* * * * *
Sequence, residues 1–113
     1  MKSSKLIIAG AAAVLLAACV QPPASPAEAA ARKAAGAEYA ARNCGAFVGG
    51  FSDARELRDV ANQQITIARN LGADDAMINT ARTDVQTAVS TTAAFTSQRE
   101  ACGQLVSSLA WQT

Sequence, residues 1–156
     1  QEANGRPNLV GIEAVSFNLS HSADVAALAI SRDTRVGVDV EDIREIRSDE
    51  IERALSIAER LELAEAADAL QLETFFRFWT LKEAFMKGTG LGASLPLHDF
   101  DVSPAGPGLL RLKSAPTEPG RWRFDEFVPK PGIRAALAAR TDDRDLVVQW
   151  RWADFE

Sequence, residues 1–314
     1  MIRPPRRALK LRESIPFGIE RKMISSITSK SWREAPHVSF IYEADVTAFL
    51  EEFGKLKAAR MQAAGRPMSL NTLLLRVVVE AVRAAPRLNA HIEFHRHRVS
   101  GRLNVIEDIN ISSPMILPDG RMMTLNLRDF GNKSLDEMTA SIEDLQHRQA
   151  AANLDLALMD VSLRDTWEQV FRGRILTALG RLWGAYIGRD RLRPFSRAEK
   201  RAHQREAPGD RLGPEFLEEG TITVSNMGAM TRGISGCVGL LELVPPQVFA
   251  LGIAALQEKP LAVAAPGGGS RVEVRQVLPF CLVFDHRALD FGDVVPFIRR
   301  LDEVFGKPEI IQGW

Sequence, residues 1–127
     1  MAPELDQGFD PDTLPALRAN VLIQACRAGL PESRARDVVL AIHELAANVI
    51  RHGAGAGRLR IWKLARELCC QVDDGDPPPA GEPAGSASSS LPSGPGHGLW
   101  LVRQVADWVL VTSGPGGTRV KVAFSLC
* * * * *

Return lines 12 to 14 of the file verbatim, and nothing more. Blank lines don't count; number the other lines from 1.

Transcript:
    51  EEFGKLKAAR MQAAGRPMSL NTLLLRVVVE AVRAAPRLNA HIEFHRHRVS
   101  GRLNVIEDIN ISSPMILPDG RMMTLNLRDF GNKSLDEMTA SIEDLQHRQA
   151  AANLDLALMD VSLRDTWEQV FRGRILTALG RLWGAYIGRD RLRPFSRAEK